Wednesday, February 18, 2009

Is There Virtue in Virtual Friendship?

Though I am active in the blogosphere, I have not been lured into the web of Web-based relationships (Facebook, My Space, etc.). Have you? Check out one journalist's response to his own foray into the virtual friendship fray here. What do you think? Is there virtue in virtual friendships, or is it only so much naval-gazing, mutual admiration society and time wasting?


Anonymous said...

I have avoided it mostly because I want my internet communications to have some depth. I do spend quite a bit of time emailing people who no longer live near me in order to keep up relationships. I also have a blog in order to have a forum for writing on issues that interest (or concern) me.

But, yeah, I can see where "status updates" could chew up just about every second of your life.

Yvette said...

Facebook like anything else is what you make of it. I say this after spending the last 30 minutes talking to 2 friends I would otherwise not have spoken to for months otherwise. And yes, actual conversations, not just your surface conversations that go nowhere. I personally have found Facebook and MySpace to be a great tool at reaching friends and family members that I otherwise would not be able to keep in touch with as much. Even if its just to drop a note that I miss them or love them. Can this like anything else be abused, yes. For those who spend every hour of the day waiting to update their status and fill out endless junk surveys. I say check your heart and evaluate why you are on these online social networks.

Michelle said...

I agree with Yvette, it is what you make of it. Most of all I find it a great tool to share with family that seems so far away. I can post pictures and happenings. My mom, brothers and aunts can view them anytime, since our schedules don't always match up for phone calls. I have somewhat reconnected with people from my past but mostly only on a surface level. I have tried really hard to let my love for God be part of my "virtual" life and this has already stirred up one really great conversation with someone from my past. I pray it will do more. As Yvette said it can be abused and I like others have found myself guilty of this. But it also can be a tool that you only put a small amount of time into with good results.

Kirsten said...

I think the author of this article presents and interesting perspective, and I agree, that we need to be cautious with how we use our time - whether it be reading blogs, playing on Facebook, watching TV - there are endless time-sucks in our society. That being said, however, I think it is unwise to write off, quite possibly, the fastest growing and most popular method of communication used by this generation, and the up-coming generation. How, as believers, are we to connect with the world if we simply write-off their tools of communication as time wastes?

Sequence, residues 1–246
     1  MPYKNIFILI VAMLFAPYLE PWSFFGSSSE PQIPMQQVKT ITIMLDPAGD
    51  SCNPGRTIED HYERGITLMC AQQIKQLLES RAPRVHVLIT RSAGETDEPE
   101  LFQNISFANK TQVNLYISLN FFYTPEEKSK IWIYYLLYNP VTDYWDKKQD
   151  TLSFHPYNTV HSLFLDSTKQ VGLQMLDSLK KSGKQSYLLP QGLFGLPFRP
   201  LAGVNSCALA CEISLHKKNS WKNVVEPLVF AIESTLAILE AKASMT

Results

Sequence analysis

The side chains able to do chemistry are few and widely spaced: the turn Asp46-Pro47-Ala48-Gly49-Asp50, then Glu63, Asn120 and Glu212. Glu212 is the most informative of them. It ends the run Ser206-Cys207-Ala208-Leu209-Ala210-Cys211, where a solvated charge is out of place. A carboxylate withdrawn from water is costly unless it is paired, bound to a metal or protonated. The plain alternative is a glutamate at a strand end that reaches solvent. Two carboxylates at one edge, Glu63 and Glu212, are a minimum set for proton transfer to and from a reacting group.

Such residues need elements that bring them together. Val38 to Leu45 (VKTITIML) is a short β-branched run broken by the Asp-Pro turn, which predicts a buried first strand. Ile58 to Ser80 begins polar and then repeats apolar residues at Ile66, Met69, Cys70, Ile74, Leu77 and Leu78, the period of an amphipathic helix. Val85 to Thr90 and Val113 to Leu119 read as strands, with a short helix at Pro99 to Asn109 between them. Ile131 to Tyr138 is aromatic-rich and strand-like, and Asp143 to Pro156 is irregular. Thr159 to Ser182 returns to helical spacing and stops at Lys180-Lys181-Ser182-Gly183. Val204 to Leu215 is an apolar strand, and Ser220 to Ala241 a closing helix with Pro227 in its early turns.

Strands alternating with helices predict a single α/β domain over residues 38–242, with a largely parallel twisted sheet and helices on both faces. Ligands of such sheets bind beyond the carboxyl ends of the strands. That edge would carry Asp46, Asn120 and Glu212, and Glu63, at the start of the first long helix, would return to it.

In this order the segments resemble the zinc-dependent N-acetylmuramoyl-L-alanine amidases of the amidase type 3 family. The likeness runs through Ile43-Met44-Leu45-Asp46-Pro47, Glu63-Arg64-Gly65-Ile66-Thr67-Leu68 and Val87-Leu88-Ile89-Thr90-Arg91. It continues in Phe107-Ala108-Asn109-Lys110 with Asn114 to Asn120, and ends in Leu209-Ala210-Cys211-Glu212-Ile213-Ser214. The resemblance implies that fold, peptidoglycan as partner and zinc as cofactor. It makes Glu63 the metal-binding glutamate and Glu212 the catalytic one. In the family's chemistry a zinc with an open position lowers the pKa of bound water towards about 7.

Both Vince and I are members of Facebook, and in fact have had serious and meaningful spiritual conversations with unbelievers via this internet tool. We have been able to set up face-to-face meetings with friends whom we had not seen or communicated with in years, and through these meetings, had further opportunities to share the Gospel. Because we met "with" these friends on their turf, in a way that was comfortable with them (i.e. starting in a non-threatening way on Facebook), it opened up a door for further conversations about sin and the need for salvation through Christ.

Again, I understand that in all things we must be wise in how we use our time and energies, and it is easy to waste much of the time God has given us. However, in my mind, it would be foolish to simply write off an open door to communication to unbelievers because in my sin, I may be tempted to waste time. Wouldn't a wiser approach be to pray that God would help each of us to make the most of every opportunity and see the technology He has given us in the 21st century as an opportunity to share the Gospel and further His kingdom for His glory?

Anonymous said...

I think there's one more two-pronged situation to beware of regarding any online communication, especially Facebook, etc., but even including email and blogs, both of which I use heavily.

For those of us who are already adults, how does it impact how much time we spend aggressively pursuing direct personal relatoinships with people in our communities? Online communication makes it easier for me to stay in touch with people who have left, but the fact remains, we simply can't be as close as we were when we lived near each other. So how much do I try to save the relationship that can never be what it was, and how much am I willing to forge new relationships with people who are around? That's a balance I wrestle with.

For children and young adults, there has already been a published study (sorry, can't find the link already) that shows how such sites hinder a young person's ability to develop committed, lasting personal relationships (and if nothing else, critically hinder attention spans).

While I agree for the most part that, like many things, how we use social networking sites is a heart issue, I think it can have more subtle impacts if the medium itself tends to hinder our ability to develop lasting relationships.